The Department of Energy has approved a new service contract for Georgia Power’s Vogtle nuclear project that gives an affiliate of the utility’s parent company oversight of the construction job.
Under the new agreement, Southern Nuclear, a subsidiary of Southern Co., which operates the existing units 1 and 2 at Vogtle, will oversee construction for units 3 and 4 that are being built in Wayneboro, Ga.
The agreement resolves months of negotiations and uncertainty following the March bankruptcy of Westinghouse Electric, the primary contractor for Vogtle.
Construction activity at Vogtle did not stop after Westinghouse filed for bankruptcy in March, but the fate of the project was thrown into question. The new service agreement resolves one of the issues overhanging the project, but its fate is still uncertain.
In addition to replacing Westinghouse as the primary contractor for Vogtle, the agreement also stipulates that Westinghouse will provide engineering, procurement and licensing support, as well as access to intellectual property needed for the project.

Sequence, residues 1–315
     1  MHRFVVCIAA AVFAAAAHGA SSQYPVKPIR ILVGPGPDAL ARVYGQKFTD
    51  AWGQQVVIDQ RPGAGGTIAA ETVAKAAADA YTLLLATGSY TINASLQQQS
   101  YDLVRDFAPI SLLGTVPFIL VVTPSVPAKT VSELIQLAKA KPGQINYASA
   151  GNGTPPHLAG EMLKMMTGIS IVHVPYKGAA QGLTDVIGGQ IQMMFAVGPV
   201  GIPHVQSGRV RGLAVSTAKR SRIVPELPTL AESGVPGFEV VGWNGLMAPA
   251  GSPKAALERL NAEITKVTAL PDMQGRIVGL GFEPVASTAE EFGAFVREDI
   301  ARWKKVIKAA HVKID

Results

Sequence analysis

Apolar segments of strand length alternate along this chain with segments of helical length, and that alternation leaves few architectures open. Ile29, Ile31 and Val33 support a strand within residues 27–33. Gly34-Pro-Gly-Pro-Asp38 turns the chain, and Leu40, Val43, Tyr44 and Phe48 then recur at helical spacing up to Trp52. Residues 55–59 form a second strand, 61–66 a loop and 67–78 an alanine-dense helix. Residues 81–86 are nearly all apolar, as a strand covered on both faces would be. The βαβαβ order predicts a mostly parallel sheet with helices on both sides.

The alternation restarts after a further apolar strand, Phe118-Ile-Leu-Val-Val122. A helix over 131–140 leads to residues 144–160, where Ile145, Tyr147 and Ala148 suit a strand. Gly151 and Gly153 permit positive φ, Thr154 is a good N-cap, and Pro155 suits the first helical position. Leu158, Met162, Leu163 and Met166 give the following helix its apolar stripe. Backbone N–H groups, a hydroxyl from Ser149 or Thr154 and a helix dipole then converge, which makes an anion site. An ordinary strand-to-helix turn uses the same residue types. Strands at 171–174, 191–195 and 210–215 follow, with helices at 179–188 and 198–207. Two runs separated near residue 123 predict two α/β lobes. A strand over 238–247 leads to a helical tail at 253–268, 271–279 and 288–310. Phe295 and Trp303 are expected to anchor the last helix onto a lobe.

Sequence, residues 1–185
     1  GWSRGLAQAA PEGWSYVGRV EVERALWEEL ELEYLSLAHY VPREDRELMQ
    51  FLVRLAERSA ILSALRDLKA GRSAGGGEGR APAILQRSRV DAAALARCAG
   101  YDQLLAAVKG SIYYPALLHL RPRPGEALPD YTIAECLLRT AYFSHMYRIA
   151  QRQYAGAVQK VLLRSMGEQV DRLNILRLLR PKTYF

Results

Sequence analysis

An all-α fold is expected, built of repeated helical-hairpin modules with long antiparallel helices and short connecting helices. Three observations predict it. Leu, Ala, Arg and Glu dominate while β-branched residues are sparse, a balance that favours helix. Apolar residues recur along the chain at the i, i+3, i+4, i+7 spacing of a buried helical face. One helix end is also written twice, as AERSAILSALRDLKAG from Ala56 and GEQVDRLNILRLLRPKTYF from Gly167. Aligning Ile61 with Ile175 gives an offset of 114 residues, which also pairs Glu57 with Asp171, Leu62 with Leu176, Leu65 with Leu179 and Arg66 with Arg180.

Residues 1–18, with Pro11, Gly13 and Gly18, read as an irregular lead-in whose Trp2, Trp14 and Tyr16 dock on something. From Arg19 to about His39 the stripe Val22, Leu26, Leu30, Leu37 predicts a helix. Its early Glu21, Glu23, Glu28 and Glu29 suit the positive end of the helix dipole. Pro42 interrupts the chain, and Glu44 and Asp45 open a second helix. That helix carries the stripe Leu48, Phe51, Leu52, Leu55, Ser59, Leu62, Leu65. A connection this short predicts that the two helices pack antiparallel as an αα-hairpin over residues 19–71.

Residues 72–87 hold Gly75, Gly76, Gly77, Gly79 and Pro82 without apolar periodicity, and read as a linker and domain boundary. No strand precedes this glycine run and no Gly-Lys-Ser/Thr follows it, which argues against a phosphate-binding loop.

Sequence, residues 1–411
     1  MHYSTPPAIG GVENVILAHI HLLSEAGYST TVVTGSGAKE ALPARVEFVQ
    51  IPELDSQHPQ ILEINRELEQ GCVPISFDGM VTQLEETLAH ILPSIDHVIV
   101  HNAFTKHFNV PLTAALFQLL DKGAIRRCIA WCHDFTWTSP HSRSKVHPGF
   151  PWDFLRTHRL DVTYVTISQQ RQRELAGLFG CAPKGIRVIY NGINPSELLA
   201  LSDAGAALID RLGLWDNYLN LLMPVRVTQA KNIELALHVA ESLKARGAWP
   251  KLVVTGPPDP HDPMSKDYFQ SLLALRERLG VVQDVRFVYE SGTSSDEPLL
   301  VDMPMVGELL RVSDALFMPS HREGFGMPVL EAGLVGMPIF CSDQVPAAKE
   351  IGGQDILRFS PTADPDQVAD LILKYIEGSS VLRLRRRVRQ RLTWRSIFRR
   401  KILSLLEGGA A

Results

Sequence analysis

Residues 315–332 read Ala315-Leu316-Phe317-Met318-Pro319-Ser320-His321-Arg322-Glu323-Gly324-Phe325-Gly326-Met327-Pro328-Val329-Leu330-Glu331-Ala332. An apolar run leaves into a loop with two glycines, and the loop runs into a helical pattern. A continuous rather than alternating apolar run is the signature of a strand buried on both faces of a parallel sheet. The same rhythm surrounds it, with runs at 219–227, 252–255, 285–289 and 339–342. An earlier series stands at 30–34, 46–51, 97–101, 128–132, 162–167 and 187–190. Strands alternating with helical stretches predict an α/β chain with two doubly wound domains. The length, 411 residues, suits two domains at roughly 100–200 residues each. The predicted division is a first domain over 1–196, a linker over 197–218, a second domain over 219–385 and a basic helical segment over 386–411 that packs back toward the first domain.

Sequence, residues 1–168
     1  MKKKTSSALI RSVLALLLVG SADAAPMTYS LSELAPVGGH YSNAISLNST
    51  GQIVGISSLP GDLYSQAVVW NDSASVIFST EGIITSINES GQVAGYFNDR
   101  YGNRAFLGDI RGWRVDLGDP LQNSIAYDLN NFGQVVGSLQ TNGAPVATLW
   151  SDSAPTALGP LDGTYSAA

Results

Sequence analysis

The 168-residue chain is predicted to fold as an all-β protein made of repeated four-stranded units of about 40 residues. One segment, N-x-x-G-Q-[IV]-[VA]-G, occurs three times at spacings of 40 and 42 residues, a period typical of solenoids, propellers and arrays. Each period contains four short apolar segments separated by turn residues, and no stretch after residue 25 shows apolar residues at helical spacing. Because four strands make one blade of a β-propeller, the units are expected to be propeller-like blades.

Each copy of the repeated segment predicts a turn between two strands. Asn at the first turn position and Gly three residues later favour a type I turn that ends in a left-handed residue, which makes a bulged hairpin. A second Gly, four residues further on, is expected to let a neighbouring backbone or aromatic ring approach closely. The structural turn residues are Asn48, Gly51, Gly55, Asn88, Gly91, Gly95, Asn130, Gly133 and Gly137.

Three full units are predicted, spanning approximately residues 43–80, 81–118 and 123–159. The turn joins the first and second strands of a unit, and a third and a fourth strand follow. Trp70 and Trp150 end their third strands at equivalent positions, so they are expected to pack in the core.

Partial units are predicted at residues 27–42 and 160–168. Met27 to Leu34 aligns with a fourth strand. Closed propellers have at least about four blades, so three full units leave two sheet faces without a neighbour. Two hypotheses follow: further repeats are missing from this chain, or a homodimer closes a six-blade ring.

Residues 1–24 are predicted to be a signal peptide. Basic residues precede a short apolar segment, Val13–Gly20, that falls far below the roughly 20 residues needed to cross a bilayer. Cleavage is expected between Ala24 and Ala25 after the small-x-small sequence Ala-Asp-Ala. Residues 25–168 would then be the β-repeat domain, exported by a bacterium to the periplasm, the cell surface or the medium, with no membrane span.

The intellectual property associated with the project became an issue when Westinghouse sought to post its intellectual property as collateral against an $800 million loan to get it through bankruptcy.
That issue was resolved, but others remain, mainly, how long it will take and how much it will cost to finish the project. Georgia Power says it is working with Vogtle’s co-owners, Oglethorpe Power, MEAG Power and Dalton Utilities, to complete a full-scale schedule and cost-to-complete analysis. Once complete, the utility says it will work with the Georgia Public Service Commission to determine the best path forward for customers.
"We are already in the midst of a seamless transition for the thousands of workers across the site, allowing us to sustain the progress we are making every day on both units," Mark Rauckhorst, executive vice president for the Vogtle 3 and 4 project, said in a statement.